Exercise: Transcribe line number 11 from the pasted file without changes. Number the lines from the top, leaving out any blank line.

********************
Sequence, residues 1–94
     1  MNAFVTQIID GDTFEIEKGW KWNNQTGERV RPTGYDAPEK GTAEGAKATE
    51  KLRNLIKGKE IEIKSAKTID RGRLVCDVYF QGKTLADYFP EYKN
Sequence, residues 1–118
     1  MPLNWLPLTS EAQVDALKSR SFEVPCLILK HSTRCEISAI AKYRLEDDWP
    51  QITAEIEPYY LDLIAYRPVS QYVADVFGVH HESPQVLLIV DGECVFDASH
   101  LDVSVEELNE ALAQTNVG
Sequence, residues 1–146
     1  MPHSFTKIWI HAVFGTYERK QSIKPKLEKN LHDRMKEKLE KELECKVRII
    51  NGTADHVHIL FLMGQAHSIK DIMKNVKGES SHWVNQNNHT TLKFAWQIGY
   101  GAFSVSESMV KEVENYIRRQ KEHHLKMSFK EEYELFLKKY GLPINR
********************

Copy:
   101  GAFSVSESMV KEVENYIRRQ KEHHLKMSFK EEYELFLKKY GLPINR